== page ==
MacSpeech's new speech-to-text solution: transcription

MacSpeech this week at Macworld Expo San Francisco launched its latest speech-to-text software, Scribe. Instead of the real-time recording and translation in its Dictate packages, Scribe handles recorded audio files.

MacSpeech this week at Macworld Expo San Francisco launched its latest speech-to-text software, Scribe. Instead of the real-time recording and translation in its Dictate packages, Scribe handles recorded audio files.

The $149 software understands 13 different English dialects, the company said, and users can train the software to improve accuracy. MacSpeech Scribe accepts audio files in .wav, .aif, .aiff, .m4v, mp4, or .m4a formats.

Watching a demonstration on the show floor, the software first required users to verify the accuracy of transcription with several minutes of the speaker's audio. The program highlighted a sentence or phrase of translated text and then played the audio for verification. It appeared to be accurate.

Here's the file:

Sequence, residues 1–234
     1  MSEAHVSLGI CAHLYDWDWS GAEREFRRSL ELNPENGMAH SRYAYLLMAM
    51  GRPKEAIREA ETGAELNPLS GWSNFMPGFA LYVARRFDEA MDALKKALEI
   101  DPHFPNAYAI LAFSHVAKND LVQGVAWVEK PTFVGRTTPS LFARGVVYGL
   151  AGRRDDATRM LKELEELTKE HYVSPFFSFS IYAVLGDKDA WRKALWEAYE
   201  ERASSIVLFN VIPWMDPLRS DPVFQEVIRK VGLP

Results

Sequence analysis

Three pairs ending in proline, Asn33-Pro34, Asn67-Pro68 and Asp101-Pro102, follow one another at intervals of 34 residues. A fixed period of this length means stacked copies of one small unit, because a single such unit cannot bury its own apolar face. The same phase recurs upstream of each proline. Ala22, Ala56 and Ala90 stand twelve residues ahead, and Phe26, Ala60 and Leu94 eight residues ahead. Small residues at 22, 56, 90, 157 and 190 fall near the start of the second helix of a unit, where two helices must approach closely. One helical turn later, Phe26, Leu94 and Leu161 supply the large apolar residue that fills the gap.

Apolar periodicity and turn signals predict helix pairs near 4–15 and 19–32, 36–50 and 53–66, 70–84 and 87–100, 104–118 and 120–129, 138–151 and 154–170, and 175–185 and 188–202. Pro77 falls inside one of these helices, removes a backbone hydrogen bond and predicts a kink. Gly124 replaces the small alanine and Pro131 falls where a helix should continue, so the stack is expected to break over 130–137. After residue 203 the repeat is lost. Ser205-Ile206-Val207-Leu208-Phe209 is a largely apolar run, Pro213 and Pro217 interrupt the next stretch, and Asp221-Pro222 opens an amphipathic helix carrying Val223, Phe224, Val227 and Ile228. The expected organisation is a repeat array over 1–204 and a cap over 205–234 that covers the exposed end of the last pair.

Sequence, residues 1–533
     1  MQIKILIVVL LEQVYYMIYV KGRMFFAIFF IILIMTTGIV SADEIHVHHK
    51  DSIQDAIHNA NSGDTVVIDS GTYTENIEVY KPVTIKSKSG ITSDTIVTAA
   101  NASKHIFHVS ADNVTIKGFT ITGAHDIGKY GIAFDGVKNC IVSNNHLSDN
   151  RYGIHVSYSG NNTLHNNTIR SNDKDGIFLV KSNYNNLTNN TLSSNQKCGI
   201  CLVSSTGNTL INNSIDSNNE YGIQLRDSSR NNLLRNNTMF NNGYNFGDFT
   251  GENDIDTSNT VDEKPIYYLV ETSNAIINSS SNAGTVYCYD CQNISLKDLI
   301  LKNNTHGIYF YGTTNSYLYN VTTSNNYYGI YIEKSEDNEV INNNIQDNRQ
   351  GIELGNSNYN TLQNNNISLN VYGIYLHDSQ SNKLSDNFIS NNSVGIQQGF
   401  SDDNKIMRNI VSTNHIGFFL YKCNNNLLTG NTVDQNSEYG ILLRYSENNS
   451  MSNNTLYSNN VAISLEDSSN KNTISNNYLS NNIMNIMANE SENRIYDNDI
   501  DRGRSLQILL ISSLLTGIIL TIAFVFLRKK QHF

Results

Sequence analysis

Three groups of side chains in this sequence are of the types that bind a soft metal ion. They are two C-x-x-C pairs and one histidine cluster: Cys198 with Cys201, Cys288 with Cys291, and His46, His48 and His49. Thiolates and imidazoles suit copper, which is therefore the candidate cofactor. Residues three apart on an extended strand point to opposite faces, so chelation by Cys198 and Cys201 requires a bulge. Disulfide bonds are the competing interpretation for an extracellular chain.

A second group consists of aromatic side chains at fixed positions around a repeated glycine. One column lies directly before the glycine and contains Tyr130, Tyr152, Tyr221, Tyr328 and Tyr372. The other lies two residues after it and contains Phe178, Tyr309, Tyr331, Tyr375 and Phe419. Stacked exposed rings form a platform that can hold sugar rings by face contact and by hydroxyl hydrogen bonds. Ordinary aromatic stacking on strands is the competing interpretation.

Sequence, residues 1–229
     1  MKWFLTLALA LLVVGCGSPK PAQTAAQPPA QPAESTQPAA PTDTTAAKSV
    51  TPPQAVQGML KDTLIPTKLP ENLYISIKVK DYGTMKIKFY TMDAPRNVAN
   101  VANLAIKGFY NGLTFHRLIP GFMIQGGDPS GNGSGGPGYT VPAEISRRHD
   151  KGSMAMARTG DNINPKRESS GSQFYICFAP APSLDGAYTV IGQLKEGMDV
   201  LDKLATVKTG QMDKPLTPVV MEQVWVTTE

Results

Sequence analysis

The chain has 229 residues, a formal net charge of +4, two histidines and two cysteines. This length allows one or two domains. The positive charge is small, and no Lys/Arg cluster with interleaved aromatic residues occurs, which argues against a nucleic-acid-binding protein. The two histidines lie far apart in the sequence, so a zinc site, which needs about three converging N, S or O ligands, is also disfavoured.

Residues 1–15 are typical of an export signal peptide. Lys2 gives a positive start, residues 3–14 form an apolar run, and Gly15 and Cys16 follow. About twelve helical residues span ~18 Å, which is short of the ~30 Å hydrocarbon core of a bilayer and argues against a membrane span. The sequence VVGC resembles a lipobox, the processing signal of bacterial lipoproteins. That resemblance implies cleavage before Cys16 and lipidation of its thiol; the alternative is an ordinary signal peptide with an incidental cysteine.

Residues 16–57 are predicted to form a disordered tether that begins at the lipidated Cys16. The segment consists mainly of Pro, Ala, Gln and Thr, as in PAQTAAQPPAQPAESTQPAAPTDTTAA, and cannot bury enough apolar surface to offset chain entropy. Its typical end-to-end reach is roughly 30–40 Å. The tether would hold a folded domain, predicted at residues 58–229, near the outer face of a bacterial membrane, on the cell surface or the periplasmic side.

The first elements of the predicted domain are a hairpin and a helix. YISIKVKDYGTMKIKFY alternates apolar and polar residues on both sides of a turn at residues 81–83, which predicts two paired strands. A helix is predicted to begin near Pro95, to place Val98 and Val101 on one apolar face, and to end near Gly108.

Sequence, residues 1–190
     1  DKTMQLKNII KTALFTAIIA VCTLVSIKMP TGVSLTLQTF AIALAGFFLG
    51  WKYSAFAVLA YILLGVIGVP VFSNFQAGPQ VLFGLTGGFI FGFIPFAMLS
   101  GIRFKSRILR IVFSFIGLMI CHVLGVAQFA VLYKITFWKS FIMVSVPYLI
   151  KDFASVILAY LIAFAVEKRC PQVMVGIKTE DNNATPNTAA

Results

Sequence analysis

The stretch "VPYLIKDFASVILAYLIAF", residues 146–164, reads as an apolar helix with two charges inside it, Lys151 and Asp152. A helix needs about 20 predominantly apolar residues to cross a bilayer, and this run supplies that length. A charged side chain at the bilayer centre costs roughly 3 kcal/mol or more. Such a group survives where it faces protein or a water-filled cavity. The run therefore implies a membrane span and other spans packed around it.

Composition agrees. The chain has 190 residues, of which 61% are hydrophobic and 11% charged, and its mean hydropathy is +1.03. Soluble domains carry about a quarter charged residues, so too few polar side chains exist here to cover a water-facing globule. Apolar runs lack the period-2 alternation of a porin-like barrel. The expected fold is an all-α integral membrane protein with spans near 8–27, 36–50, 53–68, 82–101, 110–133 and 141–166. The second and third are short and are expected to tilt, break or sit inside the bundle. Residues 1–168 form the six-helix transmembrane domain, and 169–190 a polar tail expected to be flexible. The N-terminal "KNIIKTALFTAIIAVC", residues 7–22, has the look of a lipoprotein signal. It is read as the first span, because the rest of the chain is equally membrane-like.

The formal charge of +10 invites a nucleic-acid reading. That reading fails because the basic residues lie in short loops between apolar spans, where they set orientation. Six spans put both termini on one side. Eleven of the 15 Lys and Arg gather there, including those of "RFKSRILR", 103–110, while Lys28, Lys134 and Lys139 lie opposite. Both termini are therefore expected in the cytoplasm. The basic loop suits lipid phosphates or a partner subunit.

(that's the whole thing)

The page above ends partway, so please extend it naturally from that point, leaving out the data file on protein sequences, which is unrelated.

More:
However, the software is designed to transcribe only a single voice at a time. So, it's not good for a meeting where a number of voices speak one after another. However, it would work for a speech. The company said that a single MacSpeech Scribe license will let users create up to 6 individual voice profiles.

Certainly, this will expand the capabilities for persons who record notes remotely on the iPhone and then want to turn that audio into text. The company advised that background noise and the quality of the recording will affect the accuracy of the translation.

Registered owners of MacSpeech Dictate 1.5 can purchase Scribe for $99.

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